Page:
The Main Stream

Apr 16, 2013 1:43 AM by Lupita Murillo

NIBIN system helps track bullet casings like fingerprints

TUCSON - A computer system that links cartridge casings into a data base is helping law enforcement agencies around the country solve violent crimes.
It's called NIBIN, National Integrated Ballistics Information Network.
ATF began the program 14 years ago and places the system in various police agencies around the country.
Tucson Police has been using the system since 2001. It recently upgraded it to a 3 D dimension. In 2007, it provided Tucson Police detectives with crucial information that linked two fired cartridge casings to a homicide in the county and one in the city.

Frank Powell is the Crime Lab Coordinator for the Tucson Police Crime Lab. He says a firearm leaves unique marks on spent shell casings much like a fingerprint. That's how they were able to use NIBIN to link a homicide the Pima County Sheriff's Department was investigating in Madera Canyon to the murder of Rosa Gallego. Her body was found in a motel by the freeway on March 11, 2007. Powell says, "NIBIN gives the department the capability to do data base searches not only to help solve crimes within the city but throughout the state and throughout the country."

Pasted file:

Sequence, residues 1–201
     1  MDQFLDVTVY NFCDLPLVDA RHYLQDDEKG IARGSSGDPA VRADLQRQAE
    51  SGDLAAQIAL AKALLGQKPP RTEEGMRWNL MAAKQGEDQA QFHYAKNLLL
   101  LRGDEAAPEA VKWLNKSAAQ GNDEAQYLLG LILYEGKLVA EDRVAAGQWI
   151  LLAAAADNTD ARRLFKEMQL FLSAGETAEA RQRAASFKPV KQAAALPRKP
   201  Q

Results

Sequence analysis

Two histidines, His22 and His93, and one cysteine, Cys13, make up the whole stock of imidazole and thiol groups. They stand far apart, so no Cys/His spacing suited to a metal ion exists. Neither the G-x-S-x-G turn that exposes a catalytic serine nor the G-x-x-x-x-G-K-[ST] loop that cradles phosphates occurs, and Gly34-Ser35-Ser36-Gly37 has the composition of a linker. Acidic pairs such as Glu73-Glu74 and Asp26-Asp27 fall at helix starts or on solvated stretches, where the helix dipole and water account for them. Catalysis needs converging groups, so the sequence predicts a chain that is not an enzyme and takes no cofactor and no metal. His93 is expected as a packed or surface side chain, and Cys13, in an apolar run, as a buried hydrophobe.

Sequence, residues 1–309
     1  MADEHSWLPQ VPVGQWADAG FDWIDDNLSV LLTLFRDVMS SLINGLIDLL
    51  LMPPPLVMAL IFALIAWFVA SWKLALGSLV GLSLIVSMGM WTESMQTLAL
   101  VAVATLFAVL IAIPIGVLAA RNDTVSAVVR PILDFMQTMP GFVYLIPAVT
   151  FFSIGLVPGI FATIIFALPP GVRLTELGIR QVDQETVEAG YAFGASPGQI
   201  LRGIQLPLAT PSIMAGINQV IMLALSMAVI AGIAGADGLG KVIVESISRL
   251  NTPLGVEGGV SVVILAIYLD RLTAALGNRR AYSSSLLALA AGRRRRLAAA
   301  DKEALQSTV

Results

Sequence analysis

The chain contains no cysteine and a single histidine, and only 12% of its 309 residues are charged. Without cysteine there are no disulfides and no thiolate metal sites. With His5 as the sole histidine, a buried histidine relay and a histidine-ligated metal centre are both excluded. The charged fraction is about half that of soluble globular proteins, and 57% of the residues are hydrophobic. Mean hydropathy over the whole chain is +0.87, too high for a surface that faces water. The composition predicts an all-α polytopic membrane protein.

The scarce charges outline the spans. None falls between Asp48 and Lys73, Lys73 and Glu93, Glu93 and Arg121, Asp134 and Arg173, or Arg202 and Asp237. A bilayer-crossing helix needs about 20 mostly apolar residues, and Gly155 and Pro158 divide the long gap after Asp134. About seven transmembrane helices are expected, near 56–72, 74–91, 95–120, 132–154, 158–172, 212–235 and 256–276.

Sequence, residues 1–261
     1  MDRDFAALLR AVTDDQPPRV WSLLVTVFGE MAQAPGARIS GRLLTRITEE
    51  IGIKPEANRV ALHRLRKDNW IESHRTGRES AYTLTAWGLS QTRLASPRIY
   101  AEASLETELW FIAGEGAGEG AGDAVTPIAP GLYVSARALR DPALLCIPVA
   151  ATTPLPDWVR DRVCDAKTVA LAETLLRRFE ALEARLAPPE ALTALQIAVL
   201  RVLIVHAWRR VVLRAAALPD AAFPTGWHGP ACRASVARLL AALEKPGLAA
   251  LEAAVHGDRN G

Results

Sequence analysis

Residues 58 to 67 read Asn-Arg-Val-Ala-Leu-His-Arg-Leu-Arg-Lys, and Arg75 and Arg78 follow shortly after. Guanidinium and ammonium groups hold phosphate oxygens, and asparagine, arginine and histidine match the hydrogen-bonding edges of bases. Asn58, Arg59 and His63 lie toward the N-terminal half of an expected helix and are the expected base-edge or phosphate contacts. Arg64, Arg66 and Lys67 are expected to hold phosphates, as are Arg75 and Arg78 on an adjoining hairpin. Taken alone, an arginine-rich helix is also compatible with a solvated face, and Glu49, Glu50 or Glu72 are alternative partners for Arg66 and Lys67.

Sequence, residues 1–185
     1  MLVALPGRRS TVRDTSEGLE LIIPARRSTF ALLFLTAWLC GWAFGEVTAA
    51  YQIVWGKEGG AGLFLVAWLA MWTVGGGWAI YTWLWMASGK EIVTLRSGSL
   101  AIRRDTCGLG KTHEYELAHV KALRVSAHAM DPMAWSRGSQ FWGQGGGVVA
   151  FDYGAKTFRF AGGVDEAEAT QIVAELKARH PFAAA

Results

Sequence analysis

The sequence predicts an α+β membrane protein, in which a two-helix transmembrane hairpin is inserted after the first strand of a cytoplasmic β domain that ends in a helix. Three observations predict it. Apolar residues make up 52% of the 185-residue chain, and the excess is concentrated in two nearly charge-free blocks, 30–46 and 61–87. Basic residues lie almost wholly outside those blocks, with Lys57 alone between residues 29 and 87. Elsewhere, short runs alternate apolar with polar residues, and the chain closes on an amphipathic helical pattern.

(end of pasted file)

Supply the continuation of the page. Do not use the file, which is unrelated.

The sheriff's case remains open, Tucson Police arrested Manuel Sanchez Hernandez . He was convicted and sentenced to life in prison.
Powell says, "To date we've had right around 65 confirmed hits."
Only recently have some of those hits started rolling in. There are now more personnel manning the system, thanks to a grant. "Between the two employees they are now putting in quite a few cartridges cases I think last quarter they put in over 500."

But 1,200 cases are still backlogged, waiting to be entered into the system. Sgt. Maria Hawke of the Tucson Police Department says, "It helps our investigators not only link crimes but also solve crimes that have happened in our community and get those dangerous criminals off our streets."
So now that the crime lab has trained personnel to process evidence, they're hoping to reduce the number of backlog cases so they can help detectives link fire arms related cases.


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